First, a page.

A muffin pan makes a good ingot mould and it holds more than the fancy molds and is 1/3 the price. I smoked the pan with the acetylene torch to stop the ingots from sticking.

  Next time I'll use 2 old towels for dropping bullets. When one gets loaded, I'll switch to the other. By the time the second is loaded, the first batch will be cool enough to handle. A clay pigeon makes a good saucer for them. A hot bullet won't melt it and no one's likely to take it back into the kitchen.

  The Rowell ladle worked well. It must keep the crud out of the mould, because I only had a dozen bullets out of over 250 that looked good but weighed light.

  After reading about some disasters from molten lead spills, I figure your setup should be twice as sturdy as it needs to be. No extension cords where anyone can trip over them and no shelves or cabinets over the pot.

  I suspect you're right about temperatures, Jim. I was going from 1/4" thick sprues to razor blade thin and back again before I got things under control. Of course, this was my first run, and I was diddling around as much as I was casting.  I was talking to one of the guys who's into BPCR a few days later. He'd just run off 500 bullets and I'll bet he did it in half the time I took for my 250.

  Thanks again for the advice, guys.

Bye
Jack
 

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Jack,

What size Rowell did you end up settling on?

For the clips, I have bought one of Bill's clip straining ladles. It has a 3" scoop on it with perforations. Handle is about 16 or so inches long 5/16" round iron. Really the nuts for scooping out the clibs when you are alloying. Glad I picked one up. Flux generously during your cleaning/alloying so you don't have to heavily flux later when you are casting. The cleaner your casting alloy the better.

I put all the clips/debri in empty metal paint cans with lids to keep the water out when until full.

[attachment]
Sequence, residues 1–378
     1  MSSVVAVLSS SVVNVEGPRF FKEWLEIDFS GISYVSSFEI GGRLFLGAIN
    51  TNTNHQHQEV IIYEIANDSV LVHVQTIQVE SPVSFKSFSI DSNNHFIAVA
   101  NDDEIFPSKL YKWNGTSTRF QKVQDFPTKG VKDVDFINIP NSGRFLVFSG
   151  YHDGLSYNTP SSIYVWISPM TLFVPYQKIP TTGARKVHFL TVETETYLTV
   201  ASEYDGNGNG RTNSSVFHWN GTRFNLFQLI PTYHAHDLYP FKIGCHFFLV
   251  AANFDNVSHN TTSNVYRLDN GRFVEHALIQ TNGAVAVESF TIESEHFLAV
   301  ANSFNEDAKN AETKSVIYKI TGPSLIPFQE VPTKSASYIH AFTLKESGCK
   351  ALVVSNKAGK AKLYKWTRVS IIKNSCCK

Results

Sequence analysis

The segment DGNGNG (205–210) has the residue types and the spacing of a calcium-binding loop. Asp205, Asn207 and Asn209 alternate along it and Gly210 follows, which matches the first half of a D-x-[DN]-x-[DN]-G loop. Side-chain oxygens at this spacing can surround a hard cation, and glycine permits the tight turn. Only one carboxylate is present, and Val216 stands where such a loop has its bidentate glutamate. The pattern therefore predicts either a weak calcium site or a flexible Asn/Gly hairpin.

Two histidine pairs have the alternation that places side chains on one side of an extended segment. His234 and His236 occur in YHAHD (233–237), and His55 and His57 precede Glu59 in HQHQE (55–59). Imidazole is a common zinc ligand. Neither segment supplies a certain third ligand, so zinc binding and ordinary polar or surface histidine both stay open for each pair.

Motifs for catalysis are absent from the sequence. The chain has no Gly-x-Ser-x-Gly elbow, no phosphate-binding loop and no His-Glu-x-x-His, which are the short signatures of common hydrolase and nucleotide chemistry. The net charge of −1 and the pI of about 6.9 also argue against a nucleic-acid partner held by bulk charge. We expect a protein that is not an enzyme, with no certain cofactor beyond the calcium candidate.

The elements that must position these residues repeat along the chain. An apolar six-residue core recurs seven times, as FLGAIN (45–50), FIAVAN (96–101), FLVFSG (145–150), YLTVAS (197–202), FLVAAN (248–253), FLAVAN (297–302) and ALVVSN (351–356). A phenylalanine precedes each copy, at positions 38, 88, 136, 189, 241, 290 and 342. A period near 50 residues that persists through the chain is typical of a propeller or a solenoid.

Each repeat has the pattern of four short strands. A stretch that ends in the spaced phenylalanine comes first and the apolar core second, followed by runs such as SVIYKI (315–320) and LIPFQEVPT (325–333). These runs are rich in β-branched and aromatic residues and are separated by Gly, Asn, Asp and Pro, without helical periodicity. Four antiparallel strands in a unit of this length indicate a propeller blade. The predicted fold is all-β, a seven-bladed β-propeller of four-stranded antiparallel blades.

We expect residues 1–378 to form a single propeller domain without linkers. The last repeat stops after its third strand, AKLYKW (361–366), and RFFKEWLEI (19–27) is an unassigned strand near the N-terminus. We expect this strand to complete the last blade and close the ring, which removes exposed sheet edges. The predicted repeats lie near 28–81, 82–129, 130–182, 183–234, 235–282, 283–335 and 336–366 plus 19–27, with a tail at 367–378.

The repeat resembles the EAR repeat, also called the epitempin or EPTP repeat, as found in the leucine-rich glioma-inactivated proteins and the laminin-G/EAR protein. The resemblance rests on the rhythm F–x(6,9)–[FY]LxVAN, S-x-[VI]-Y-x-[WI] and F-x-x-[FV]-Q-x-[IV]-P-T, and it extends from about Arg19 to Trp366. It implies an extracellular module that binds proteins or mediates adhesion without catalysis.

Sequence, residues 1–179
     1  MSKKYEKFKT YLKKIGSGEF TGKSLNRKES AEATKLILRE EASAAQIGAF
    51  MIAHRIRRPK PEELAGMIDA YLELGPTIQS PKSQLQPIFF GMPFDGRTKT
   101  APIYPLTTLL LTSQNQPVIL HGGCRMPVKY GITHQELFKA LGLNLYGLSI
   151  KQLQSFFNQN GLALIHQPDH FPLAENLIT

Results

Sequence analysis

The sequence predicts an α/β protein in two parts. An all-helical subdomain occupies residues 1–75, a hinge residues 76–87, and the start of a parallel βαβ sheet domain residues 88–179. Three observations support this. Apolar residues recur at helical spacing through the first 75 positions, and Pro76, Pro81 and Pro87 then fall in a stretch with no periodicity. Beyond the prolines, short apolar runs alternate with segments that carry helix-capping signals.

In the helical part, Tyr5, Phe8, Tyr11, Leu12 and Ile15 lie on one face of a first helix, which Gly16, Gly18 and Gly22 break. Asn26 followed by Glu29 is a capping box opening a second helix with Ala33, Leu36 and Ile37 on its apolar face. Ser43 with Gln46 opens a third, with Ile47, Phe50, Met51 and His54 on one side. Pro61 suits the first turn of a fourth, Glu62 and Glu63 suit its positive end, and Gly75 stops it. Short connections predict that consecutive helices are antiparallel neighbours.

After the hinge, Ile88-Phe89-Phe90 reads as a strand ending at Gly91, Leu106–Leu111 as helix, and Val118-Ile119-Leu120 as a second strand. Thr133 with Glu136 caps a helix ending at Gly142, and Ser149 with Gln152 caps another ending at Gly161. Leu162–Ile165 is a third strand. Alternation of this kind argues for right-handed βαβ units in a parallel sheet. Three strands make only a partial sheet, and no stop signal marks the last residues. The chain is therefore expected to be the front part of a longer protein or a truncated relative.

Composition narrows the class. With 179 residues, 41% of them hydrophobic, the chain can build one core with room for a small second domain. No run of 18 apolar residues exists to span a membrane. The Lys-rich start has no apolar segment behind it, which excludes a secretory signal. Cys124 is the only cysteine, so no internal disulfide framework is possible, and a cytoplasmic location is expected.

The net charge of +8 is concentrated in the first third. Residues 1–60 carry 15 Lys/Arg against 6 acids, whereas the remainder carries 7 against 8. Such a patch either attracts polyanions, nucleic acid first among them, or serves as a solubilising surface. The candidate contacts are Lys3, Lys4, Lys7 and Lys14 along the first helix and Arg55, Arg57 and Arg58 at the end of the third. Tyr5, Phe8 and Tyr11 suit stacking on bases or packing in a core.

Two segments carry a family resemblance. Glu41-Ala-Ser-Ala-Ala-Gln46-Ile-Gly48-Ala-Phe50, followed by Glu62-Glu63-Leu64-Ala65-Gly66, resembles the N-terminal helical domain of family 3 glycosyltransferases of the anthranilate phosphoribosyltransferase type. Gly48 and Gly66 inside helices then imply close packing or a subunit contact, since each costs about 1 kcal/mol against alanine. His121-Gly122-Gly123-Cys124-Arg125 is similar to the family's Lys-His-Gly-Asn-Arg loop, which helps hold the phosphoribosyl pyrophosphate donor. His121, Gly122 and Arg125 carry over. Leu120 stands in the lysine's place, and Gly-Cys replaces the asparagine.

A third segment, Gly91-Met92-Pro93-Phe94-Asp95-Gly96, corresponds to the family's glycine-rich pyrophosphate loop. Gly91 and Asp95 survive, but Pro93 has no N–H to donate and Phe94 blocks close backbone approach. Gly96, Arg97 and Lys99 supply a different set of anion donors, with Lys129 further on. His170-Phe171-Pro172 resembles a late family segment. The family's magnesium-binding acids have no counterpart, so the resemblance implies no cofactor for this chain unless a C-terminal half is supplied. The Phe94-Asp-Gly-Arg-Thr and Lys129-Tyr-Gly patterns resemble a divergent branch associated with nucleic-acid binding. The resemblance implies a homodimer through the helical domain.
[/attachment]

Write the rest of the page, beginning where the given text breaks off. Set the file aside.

Try water dropping your bullets into a 5 gallon bucket of water once you get a good rhythm going. Dump the water from the bucket and spread the bullets out on an old towel to dry overnite. By the next day they will be up to 6 or so BHN harder.

Have fun,


:cool:
 

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Hi, Contender:
   I got the 1 lb. Rowell ladle. Figured it would be right for casting, but a bigger one would be better for pouring muffins.  I got about 165 pounds of muffins out of a 5 gallon pail of wheel weights, which should last me 2-3 years, so I'll think about a bigger Rowell then.

   The slotted spoon I used for skimming clips is about 2"x3" with a foot long handle. It's amazing what you can find on the farm when nothing's been thrown out for 90 years. A lot of stuff should have been chucked. <!--emo&:)--><img src="http://beartoothbullets.com/iB_html/non-cgi/emoticons/smile.gif" border="0" valign="absmiddle" alt=':)'><!--endemo-->

   It didn't take long to figure out that it paid to flux before I skimmed off the clips. Saved a lot of good metal that way. I used paraffin for fluxing.  What's the score with Marvelux? Seems that there's them that swear by it and them that swear at it.